Can ‘Midsize Influencers’ Solve China’s Body Image Problem?

Not skinny but not plus-size, 'midsize' influencers in China promote the beauty of being average. Is it working?

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6:20 PM HKT, Fri July 7, 2023 3 mins read

“168 cm, 65 kilos, apple-shaped figure,” reads Xin Badi’s bio on Xiaohongshu. Confident and bubbly by nature, Xin boasts over 140,000 followers on the Instagram-like app. At 23 years old, she’s a full-time fashion blogger from China’s southern Guangdong province.

On Xiaohongshu she shares short videos and photos of herself in fashionable outfits, but unlike most fashion influencers, her videos often start with the self-effacing humor of showing off her belly and pinching on the abdominal fat.


Images courtesy of Xinbadi.

“I started posting in February,” Xin tells RADII. “I hope my videos can help those who struggle with body image anxiety.”

Bloggers like Xin belong to a new, unapologetic category of influencers that is trying to change perceptions around body image in China: ‘midsize’ (微胖 weipang) influencers.

Literally meaning “a little bit fat” or “micro-fat” the term weipang has grown to be associated with women whose bodies don’t quite fit in with the mainstream standard of ultra-thin figures, but who are also not plump enough to qualify for the ‘plus-size’ label (大码 dama).

Many in China have reclaimed the term, confidently using it to set themselves apart from influencers with conventionally thin figures, and the hashtag ‘midsize outfit’ has accumulated over 7.8 billion views on Xiahongshu and over 38 billion views on Douyin (China’s TikTok).

xiahongshu china trends

Images via @Violalala on Xiahongshu.

A similar phenomenon has emerged on international TikTok, where some female influencers label themselves ‘midsize,’ pointing out the lack of ‘average’ body types in a fashion industry that’s becoming increasingly polarized between ultra-thin and plus-size models.

Size Matters: The Quest for Bigger Clothes

In recent years, the body positivity movement has also gained some momentum in China, with brands like Neiwai pioneering inclusivity in their campaigns, plus-size models like Xu Ruoxin on the covers of high-profile fashion magazines, and rapper Chen Jinnan openly discussing body image in her songs.

But while the demand for plus-size clothing is growing, recent controversies surrounding shrinking clothing sizes hint that China’s body positivity movement has barely scratched the surface.

Lingerie Brand Neiwai Takes Bold Stance On Body Diversity | Jing Daily

Image via Neiwai's Instagram.

A ‘midsize’ fashion influencer named Monica Huang, 25, also from Guangdong province, mostly buys clothes that are intended for export (贸款 yikuan), as these brands normally carry bigger sizes while still being available on domestic e-commerce platforms.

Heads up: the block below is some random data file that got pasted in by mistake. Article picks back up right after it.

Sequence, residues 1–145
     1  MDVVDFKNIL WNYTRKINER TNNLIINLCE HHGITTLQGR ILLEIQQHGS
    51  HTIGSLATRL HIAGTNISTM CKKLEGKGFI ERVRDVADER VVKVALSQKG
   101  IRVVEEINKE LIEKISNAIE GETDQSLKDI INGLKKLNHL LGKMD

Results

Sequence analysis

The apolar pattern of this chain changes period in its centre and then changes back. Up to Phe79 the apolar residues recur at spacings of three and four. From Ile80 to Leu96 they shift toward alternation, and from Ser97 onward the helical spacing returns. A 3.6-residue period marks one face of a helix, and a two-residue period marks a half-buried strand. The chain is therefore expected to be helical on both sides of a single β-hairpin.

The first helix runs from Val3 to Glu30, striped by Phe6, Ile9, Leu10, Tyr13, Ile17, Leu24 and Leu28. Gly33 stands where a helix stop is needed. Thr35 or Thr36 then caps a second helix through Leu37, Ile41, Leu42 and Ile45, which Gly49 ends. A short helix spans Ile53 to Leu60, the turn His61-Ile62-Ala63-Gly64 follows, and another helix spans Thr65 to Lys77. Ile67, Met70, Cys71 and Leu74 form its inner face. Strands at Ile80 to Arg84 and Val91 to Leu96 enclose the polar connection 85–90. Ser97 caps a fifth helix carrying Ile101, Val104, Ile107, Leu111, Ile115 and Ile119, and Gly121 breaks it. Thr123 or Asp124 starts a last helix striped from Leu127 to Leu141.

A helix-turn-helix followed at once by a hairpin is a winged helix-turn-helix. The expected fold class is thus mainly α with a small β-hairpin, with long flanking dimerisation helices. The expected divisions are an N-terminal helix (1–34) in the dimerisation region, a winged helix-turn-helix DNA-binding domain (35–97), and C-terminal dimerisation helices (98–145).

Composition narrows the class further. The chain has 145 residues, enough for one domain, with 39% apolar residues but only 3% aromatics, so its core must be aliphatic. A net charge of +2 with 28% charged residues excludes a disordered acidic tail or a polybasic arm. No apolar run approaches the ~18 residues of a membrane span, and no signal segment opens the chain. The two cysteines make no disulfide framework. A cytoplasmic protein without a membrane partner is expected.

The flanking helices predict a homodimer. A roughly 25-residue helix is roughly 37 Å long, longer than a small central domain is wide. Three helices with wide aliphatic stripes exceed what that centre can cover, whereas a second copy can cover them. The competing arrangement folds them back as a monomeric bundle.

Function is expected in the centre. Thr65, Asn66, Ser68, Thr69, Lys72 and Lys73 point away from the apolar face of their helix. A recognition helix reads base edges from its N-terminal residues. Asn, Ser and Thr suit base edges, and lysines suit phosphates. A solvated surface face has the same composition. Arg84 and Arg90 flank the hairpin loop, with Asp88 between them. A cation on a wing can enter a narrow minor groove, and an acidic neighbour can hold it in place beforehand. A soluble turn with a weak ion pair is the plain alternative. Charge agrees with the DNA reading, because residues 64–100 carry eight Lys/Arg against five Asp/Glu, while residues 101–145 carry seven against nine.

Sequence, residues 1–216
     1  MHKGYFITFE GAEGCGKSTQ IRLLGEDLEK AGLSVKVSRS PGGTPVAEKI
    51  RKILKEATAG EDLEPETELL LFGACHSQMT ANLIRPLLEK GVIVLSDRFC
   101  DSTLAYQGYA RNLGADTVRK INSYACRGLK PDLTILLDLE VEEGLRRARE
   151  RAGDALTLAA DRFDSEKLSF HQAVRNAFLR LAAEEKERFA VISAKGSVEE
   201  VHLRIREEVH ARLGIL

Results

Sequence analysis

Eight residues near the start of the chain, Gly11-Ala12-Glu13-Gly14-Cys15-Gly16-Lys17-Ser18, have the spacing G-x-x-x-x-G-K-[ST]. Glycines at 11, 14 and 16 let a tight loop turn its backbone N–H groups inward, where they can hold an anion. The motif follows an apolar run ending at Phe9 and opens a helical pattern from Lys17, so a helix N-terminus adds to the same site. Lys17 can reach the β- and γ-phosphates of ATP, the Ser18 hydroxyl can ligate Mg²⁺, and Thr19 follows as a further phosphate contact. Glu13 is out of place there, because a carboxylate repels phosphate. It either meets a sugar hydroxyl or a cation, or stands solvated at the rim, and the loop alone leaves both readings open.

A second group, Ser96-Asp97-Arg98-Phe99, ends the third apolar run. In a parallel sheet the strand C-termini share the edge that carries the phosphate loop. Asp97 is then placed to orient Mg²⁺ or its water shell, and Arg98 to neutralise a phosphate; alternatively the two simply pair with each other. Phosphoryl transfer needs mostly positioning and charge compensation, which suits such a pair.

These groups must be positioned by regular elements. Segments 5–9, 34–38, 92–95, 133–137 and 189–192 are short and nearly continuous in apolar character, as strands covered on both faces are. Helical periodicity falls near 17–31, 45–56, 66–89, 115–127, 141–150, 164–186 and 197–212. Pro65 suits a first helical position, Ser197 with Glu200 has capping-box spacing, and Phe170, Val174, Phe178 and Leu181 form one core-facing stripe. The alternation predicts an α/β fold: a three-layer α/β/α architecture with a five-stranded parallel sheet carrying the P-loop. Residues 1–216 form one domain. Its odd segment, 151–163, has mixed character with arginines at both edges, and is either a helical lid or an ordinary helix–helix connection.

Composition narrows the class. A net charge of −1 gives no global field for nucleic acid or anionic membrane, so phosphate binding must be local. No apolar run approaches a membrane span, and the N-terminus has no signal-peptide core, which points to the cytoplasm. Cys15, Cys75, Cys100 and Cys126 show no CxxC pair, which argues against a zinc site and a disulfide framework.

“I can’t really fit into the majority of pretty clothes, and the ones that fit will make me look very fat,” she tells RADII. She also mentioned that she prefers yikuan garments because she likes wearing ‘Western style clothing’.

xiaohongshu fashion model china

Images courtesy of Monica Huang.

Xin’s experience is similar.

“When I buy clothes here in China I feel like the sizes are getting smaller and smaller,” she says. “It’s very confusing.”

To address the problem, she opened her own online clothing store on Xiaohongshu, where her followers can buy the outfits she wears in her posts without ever having to leave the app.

In recent years, stores targeting ‘midsize’ and ‘plus-size’ customers are mushrooming on e-commerce platforms like Taobao, as well as on social networks like Douyin and Xiaohongshu, where they offer a wide range of styles and items.

The 'activist to sex object' pipeline

While her style would hardly turn heads in Los Angeles or New York, wearing tight, revealing clothes is still frowned upon by many in China, where the style is associated with promiscuity. Unfortunately, objectification appears to be even stronger when it comes to plumper women.

“I don’t have a lot of happy memories associated with my influencer career,” Huang confesses, adding “For me, it’s mostly been trolling and sexual harassment.”

china fashion trends

Images courtesy of Monica Huang.

A quick search on Douyin, (whose user base is mostly men, as opposed to Xiaohongshu where over 70% of the users are women) will reveal the term weipang is used by men to describe women with large breasts and booties, but thin waists and long legs.

On Douyin, weipang women are mistakenly identified with a ‘slim-thick’ body type rather than the diverse range of ‘midsize’ bodies displayed by influencers on Xiaohongshu, and many videos on the platform revolve around sexiness rather than fashion and style.

Some misogynistic users even go as far as mocking women who describe themselves as weipang, but who look more like Xin and Monica than Kim Kardashian. Others debate whether someone who weighs less than 60 kg can even call themselves ‘midsize’ or should just be considered thin.

china tiktok models

Search results for the term 'weipang' on Douyin. Screengrab via Douyin

“Some girls weigh as little as 50 kg and still consider themselves midsize,” Xin tells RADII, adding “I don’t think they are necessarily wrong. After all, weight isn’t everything when it comes to assessing someone’s body type.”

And while the definition of ‘midsize’ is fluid and has caused debate on both domestic and international corners of the internet, the proliferation of content featuring influencers with a more diverse range of body types can hopefully represent a step in the right direction.

“I hope many women can watch my videos and overcome body image anxiety,” Xin says. “Everyone deserves to make peace with themselves.”

Cover image designed by the author

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